I'm a pro web developer (technical), having worked on sites for quite a well known games company. I used this to help me understand more about why the excellent design team at that company made certain decisions about page design. I wouldn't say this book is exhaustive, hence 4 stars - but in a way you never can be, it's such a fast developing area. The design team I worked with was way beyond this book. But it did at least give me some ground rules and decisions in web design that they didn't even realize they made any more.
I certainly pitch this at beginner to intermediate. The glossy pages and typeset are nice to read, and it's not an overlarge tome like some computer books. Follow it and you will improve the design of your sites, and along the way know why you're making those changes.
Of note, it cites the studies where the bits of information it talks about came from. Whilst it is good to know that this book is thoroughly based in fact, I didn't personally see a need to know up front about them, in an index would've been fine. This makes me wonder if the psychology/HCI Comp Sci. crowd might get more out of it because they get citations really easily!
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on 1 July 2015
A fantastic and accessible introduction to the perceptual concepts behind good user interface design. This is a must-read if you're interested in user interface design. Johnson does a great job of anchoring the science with concrete examples and screenshots from real UIs which makes the book a fast and fun read. This is a great primer for both graphic designers and also for engineers who find themselves having to make UI-related decisions on projects.
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on 1 April 2014
As a conversion optimisation specialist this is a great read as I am not a web page designer, but need to have an understanding of the psychology of design. This is a very well written and easy to ready book that covers a wide range of issues related to design. Also a great book for generating ideas to test on websites.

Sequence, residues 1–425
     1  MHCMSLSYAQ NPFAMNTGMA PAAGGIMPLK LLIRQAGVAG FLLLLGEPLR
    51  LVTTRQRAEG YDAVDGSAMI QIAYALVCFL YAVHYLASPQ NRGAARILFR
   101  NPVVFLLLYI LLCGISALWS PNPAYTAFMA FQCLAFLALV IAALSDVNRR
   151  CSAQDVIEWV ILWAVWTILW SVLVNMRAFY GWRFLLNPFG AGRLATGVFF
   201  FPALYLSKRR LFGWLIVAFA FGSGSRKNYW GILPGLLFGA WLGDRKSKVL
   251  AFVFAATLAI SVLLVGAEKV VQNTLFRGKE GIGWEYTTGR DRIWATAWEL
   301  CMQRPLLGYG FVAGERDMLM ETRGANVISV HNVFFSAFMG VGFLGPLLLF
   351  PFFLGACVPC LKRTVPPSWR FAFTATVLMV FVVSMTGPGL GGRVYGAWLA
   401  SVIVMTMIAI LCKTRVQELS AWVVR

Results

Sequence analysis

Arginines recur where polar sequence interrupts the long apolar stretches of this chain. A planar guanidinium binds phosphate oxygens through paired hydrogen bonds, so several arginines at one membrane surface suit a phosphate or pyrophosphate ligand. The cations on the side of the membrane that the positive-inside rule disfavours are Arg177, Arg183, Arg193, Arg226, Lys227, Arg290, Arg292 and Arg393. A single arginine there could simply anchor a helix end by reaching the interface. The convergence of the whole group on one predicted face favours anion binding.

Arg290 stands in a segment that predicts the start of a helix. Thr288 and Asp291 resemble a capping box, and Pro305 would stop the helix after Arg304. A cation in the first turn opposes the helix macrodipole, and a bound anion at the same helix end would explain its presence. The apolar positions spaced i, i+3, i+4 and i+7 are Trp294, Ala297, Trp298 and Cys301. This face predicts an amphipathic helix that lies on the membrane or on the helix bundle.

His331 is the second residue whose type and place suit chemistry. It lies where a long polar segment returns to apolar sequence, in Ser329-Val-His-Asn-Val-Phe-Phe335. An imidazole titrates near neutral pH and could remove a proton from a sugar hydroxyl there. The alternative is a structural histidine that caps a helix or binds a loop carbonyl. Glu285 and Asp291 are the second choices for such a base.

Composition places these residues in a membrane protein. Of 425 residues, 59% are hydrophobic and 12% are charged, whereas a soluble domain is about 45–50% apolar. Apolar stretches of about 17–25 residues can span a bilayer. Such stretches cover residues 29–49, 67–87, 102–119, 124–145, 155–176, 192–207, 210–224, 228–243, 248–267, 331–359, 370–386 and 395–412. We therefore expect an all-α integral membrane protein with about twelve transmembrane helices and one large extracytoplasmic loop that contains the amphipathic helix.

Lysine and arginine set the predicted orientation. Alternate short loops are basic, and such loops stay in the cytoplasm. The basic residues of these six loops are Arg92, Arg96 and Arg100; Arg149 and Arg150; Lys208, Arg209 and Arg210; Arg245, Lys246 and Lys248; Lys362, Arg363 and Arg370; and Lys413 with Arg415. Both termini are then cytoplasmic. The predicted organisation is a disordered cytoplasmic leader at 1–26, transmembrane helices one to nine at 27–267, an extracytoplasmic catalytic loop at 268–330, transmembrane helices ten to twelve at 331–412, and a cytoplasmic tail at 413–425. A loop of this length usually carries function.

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on 27 April 2014
Very clear and useful in that it describes the psychology of the user before suggesting how the designer can cater to this. Useful for web designers and app builders as well as informative to those engaged in the wider business of design. It also made me understand myself as an impatient user!
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on 25 October 2011
This is a good introductory book for any web designer wanting to transition into the world of HCI. But If you have an HCI background, be aware that it is a waste of your money. The books consists of examples from user interfaces paired with texts that could have been cut and pasted from any introductory book on psychology.

I just wish I had read the review more carefully, when they say: "provides designers with just enough background in perceptual and cognitive psychology that UI design guidelines make intuitive sense" they really should have underlined "just".
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on 25 December 2012
i was expecting more from the book, it summariese design rules, heuristics etc. which also can be found in another HCI literature. Could be useful for designers who are not familiar with HCI basics.